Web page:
Review: Shenandoah at Serenbe

by Jody Tuso-Key Managing Editor — Cover photo credit: BreeAnne Clowdus

March 25, 2019

Nothing beats theater under the stars, and no one in Georgia does it as big as Serenbe Playhouse. From now until April 14th, Serenbe’s production of Shenandoah offers an immersive experience that allows audiences to step back in time to the American Civil War.

Immersive doesn’t even begin to describe this theater experience. This play literally starts off with a bang, beginning with a 100 soldier Civil War re-enactment complete with horses, and cannon fire. From there we are taken to the home of Charlie Anderson and his family. Charlie refuses allow his sons to take part in the war, as he feels it’s not “his” war. Eventually, the family is dragged into the conflict when Charlie’s youngest son, Robert, is taken prisoner by Union Soldiers.

To start, Kudos to artistic director Brian Clowdus for his vision. Every performer was perfectly cast and worked together as an ensemble to tell a compelling story. In addition the sets, lighting, sound, and concept of the Civil war re-enactment and encampment complete with a cooking fire where tasty meals are served to patrons in tin cups are all stitched together into a theatrical quilt as meaningful as those used to signify safe-homes for the underground railroad.

Serenbe has assembled a stellar cast for this production beginning with headliner Taylor Hicks. Fans will remember Taylor from his success in American Idol’s 5th season. He proves to be as dynamic an actor as singer, and especially delights audiences in “Meditation” and “Meditation II”. Hicks commands the part of Charlie Anderson with an authenticity that seems as if the part had been written for him.

In addition to Kicks, X Factor finalist Rachel Potter plays Anderson’s daughter-in-law, Anne Anderson. Not only does she have a beautiful and powerful country voice, she also plays string instruments, and is a true credit to the production. Her acting ability is also every bit as powerful as her rich vocals.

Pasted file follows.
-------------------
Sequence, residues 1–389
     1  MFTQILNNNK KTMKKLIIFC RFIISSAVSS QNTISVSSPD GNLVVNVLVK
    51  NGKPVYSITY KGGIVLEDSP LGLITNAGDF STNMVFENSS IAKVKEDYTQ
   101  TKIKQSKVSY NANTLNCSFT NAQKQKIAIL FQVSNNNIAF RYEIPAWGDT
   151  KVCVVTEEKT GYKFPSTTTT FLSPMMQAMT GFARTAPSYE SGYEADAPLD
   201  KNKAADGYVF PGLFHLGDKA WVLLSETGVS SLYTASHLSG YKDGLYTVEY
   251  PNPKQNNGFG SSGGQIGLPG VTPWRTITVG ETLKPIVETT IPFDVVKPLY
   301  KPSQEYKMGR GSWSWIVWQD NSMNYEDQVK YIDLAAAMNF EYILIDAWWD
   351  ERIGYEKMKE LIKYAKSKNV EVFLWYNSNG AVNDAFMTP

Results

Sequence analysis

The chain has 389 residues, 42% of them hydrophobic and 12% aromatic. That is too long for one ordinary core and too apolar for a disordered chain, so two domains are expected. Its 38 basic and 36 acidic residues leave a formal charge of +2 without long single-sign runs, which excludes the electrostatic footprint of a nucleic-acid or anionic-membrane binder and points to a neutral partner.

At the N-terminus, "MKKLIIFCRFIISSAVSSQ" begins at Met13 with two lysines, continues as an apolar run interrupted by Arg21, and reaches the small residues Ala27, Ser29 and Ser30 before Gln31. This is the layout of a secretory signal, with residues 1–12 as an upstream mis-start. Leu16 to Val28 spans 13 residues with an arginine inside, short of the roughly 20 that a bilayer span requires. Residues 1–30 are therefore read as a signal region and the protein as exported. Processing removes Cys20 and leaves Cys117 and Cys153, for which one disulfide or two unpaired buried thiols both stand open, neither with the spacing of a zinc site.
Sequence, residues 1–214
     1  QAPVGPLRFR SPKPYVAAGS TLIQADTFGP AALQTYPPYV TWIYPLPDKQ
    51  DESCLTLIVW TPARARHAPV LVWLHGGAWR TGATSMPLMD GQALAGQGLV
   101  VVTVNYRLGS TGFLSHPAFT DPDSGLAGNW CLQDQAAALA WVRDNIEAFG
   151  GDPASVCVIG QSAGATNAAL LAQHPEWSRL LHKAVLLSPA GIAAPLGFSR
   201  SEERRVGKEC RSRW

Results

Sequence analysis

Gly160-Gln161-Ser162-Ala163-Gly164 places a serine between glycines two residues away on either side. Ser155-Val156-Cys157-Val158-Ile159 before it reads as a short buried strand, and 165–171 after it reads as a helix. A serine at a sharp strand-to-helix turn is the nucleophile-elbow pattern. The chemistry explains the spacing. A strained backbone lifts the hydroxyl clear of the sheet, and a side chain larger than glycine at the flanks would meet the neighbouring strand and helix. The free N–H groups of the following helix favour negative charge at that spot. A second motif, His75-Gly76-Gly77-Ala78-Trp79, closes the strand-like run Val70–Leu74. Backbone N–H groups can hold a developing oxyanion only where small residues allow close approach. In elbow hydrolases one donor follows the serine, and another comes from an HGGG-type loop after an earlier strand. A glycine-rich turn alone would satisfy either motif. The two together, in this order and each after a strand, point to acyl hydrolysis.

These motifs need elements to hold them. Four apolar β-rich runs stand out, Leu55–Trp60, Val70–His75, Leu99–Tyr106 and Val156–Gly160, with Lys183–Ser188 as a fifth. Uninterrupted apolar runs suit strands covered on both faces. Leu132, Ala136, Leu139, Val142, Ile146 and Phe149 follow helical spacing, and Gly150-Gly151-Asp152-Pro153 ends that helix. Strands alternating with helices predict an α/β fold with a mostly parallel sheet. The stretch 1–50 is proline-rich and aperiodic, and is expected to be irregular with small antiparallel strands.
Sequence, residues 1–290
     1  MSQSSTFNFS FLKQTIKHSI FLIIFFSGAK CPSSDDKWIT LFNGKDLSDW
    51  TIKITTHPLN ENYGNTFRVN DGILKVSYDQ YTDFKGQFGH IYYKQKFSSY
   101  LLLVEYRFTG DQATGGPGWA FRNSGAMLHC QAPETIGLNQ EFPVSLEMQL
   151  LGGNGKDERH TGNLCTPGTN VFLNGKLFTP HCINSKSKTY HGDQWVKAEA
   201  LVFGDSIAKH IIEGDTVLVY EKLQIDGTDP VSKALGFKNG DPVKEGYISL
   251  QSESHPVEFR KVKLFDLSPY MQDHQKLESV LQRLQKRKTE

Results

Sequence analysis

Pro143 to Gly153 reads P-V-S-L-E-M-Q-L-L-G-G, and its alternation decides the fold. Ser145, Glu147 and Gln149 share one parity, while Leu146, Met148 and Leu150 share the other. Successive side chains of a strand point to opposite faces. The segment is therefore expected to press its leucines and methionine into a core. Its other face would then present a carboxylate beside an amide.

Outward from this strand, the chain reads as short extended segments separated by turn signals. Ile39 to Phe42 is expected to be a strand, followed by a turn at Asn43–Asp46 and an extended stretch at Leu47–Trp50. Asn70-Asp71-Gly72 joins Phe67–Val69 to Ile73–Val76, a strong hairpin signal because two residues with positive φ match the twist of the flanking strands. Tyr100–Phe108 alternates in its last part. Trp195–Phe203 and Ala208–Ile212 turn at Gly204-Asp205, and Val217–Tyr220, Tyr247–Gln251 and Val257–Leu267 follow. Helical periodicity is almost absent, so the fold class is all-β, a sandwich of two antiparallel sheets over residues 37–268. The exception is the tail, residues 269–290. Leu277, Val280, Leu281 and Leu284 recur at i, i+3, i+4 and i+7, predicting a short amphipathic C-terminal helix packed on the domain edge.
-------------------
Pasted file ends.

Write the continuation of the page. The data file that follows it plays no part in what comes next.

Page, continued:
I was especially impressed with the performances of the two young boys, Gabriel and Boy Anderson, played by Caleb Baumann and Pilot Bunch. Gabriel is a slave who lives at a nearby plantation, and he and Boy Anderson are best friends. Their friendship holds a lens to the stark differences between slave and free in an innocent, matter of fact manner that is also heart-wrenching as the audience is reminded of the oppression of human chattel.

I’ve never given Key-Noteworthy performances to an entire cast by name, but this one deserves the accolades, beginning with the stellar performances of the entire Anderson Clan: Daniel Burns as James Anderson; Chase Davidson as Jacob Anderson; Sophie DeLeo as Jenny Anderson; Jeremy Gee as John Anderson; Cullen Gray as Nathan Anderson; and Aaron Schilling as Henry Anderson. In addition, Jordan Patrick as Sam and Jeremy Skidmore as Rev. Byrd delivered remarkable performances along with the rest of the ensemble: Andrew Anderson, Alden Burroughs, Brady Dunn, Destiny Freeman, Alexandria Joy, and Terrence Smith. Last but not least, those behind the scenes framed the performance’s breathtaking picture: The creative team for Shenandoah includes Bubba Carr (choreography), Chris Brent Davis (music director), Adam Koch (scenic designer), Joel Coady (lighting designer/director of production), My dear friend Rob Brooksher (sound designer), Emmie Thompson (costume designer), Mark Warner (technical director), and Jake Guinn (stunt coordinator). Special thanks to Binder Casting for a stellar casting job.

Overall, with Shenandoah, Serenbe has outdone themselves in going above and beyond to fulfill expectations of patrons with the highest caliber in immersive theater.

Tickets for this phenomenal show can be purchased online at http://www.serenbeplayhouse.com/shenandoah

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